chase the pendulum

Lately, I've been thinking about my life and what it has become, as well as the possibilities of where I'm headed. Before becoming a believer I had to have been an incredibly liberal dude chasing the pendulum of the social consciousness to its extreme of liberality and what I thought was freedom. I remember the days after I came to the knowledge of Jesus Christ. I was so ultra conservative I get sick just thinking about it. Yet, having chased the pendulum to the far right and left has given me some insight into that type of thinking. Today I consider myself a moderate because I'm conservative about some things and liberal about others, but I seek balance in all of life. That's ironic because I love extreme sports and living on the edge.

My life has changed through the years since becoming a believer in Jesus Christ. I've seen the devastation the American Church has wielded on society and those who disagree with her philosophy. We've forgotten to express grace and mercy. My heart continues to break and ache for those scarred by a philosophy that follows the "kill'em all and take no prisoners" mentality. Yes, the American Protestant Church, to be exact, has lived in that realm since the time of its inception. They have ridiculed those who don't follow their way. I've seen websites of Baptist churches that blast anyone who is Catholic. The Church should be the picture of diversity, love and acceptance. We, yes we, have stifled and corrupted The Reformation, and the result has been what we call the American Church.

I remember my days as a youth pastor. Some days were wonderful, while others really sucked! It was great having the opportunity to minister to kids trying to find their way through life. I learned a lot about what NOT to do in ministry. I learned about the politics of ministry and the limitations of vision when people lack faith and life dreams. It burned me out so badly that I told God, "I don't want anything to do with ministry ever again. I'll take my family to church and worship you, but I don't want to lead ministry again. The price is too high." Well, that lasted from February 1996 to November 2003.

God was very patient with me. Through that time I learned a lot about Christ, Culture and creating Community. Not once did I think of, or desire entering the realm of ministry leadership during that time. When God shook my cage there was one thing I told Him I wouldn't do. I told him if I walked in His calling I didn't want to do traditional church stuff. Guess what? He said, "Okay." What I learned from that conversation is that God really does care about what I think, feel and desire. Of all beings, God is the last one who wants us to live in traditionalism.

It breaks my heart that the Church has allowed herself to fall into the trap of traditionalism. The traditional American Church has fallen asleep at the wheel and it's running over a lot of people for the sake of keeping its privilege to drive. Now, I'm not talking about tradition. I'm speaking of traditionalism. See, tradition is of great value when it leads us to a closer and passionate relationship with God. Traditionalism, is when we love the traditions of the Church and place them at the same level as God. For instance, many people love the idea of being great people of prayer, but forget the one they pray to; others love the idea of great worship services with great music, but forget the one they worship; while others love the idea of traditions themselves, yet they forget why they follow their traditions only to be trapped by narrow minded thinking.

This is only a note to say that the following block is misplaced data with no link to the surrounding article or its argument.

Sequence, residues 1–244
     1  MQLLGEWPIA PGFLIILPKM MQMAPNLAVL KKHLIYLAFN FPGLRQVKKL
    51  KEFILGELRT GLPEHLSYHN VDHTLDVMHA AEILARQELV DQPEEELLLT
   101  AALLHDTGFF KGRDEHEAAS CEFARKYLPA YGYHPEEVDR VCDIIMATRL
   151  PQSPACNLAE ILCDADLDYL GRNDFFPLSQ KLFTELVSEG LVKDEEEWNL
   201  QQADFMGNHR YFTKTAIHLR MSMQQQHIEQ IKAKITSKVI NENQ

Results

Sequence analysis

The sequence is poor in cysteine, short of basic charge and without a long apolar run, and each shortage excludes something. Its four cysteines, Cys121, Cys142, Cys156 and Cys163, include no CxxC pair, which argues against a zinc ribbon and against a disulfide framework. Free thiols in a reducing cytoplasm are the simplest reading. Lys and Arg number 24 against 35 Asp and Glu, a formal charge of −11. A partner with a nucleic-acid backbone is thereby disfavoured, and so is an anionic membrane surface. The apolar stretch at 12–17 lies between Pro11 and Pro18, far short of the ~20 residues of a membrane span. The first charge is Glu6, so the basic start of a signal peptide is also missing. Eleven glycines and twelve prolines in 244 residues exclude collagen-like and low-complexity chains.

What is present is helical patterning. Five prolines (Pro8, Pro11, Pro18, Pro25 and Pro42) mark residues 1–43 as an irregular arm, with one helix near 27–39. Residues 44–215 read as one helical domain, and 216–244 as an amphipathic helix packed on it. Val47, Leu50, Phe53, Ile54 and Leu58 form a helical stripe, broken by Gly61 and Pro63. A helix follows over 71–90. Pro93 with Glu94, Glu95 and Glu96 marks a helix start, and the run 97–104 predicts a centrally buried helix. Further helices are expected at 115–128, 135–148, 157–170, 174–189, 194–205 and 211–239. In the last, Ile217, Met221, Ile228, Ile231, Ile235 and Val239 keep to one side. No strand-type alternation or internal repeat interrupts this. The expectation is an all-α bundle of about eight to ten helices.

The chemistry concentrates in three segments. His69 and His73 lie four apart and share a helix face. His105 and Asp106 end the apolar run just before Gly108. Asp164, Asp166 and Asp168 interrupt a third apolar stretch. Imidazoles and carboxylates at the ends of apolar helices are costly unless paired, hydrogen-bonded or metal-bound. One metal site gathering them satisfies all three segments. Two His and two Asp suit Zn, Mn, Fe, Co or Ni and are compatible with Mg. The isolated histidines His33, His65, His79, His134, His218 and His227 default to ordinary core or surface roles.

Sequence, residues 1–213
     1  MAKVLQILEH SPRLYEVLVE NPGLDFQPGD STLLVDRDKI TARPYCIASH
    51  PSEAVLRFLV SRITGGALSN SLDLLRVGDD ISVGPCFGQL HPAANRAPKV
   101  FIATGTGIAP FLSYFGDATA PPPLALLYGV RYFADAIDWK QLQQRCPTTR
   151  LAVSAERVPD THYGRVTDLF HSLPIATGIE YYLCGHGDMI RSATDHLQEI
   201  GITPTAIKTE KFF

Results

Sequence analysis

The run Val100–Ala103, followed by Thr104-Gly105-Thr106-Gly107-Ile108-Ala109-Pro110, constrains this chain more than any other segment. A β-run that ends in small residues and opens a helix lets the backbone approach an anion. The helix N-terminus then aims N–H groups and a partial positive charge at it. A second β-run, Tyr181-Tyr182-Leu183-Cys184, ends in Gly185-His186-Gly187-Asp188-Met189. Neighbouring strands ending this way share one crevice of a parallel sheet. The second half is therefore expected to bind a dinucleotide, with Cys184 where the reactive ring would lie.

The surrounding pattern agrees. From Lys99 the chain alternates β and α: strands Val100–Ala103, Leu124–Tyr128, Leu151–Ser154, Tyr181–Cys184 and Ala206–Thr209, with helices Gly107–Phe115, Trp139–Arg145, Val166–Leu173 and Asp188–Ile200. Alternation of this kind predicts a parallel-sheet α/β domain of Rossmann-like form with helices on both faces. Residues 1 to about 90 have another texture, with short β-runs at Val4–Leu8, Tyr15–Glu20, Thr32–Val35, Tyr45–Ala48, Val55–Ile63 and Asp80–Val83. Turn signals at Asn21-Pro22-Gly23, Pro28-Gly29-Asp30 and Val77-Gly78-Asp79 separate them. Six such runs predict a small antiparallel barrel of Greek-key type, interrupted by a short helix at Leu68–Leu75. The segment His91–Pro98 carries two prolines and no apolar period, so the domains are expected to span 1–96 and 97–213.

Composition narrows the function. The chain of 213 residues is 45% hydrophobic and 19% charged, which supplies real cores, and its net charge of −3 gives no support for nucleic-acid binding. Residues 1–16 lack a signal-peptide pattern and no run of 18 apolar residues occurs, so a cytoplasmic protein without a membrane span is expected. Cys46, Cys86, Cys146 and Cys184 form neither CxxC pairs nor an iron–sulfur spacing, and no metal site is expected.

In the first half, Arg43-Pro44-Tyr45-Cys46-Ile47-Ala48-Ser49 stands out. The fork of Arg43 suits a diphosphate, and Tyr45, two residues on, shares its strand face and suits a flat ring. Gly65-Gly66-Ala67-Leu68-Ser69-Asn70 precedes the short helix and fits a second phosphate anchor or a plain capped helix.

What happened to having freedom in Christ? I'm not talking about the freedom to do what we want. I'm saying that the American Church has lost her first love. The first love of "being" in love with a great God and "being" a vital and productive part of the Church as a whole.  We're too orthodox and not organic enough.

The Church of today has become too reactive. We should be proactive by engaging with our culture and community. Simply put, we must develop relationships with the "least of these," those rejected by society and the church. God wouldn't have it any other way. He never has and he never will. We are the ones who have stunk up this thing we call Church.

Why do we chase the pendulum? Is it that mesmerizing? Are we that gullible?

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One response to “chase the pendulum

  1. “We’re too orthodox and not organic enough.”

    This really is the case, isn’t it? I was involved in a Christian group that emphasized the organic nature of the Church. I heard constantly that the Church is an organism, not an organization. Yet still, when it came right down to it, there was too much organization, too much top-down control, too much institution, too much that was simply “church culture” and not the moving and working of the Spirit.

    How do we get to the point that we truly trust the leading of Jesus, our Head, without feeling like we have to impose some man-made system on God’s people in order to “help Him out?” How do we get to the point that we are truly open to the move of the Holy Spirit?

    I’ll be the first to admit that I’m pretty confused. Still, somehow it feels very liberating to be able to say, “I don’t know the answers to all these questions.”

    One thing I am sure of this: I value your friendship and your fellowship. I value our conversations. Thank you for being unashamed and unafraid to discover who you are in Christ.

    (P.S.: I’m going to cross-post this on the Echo Board as well).

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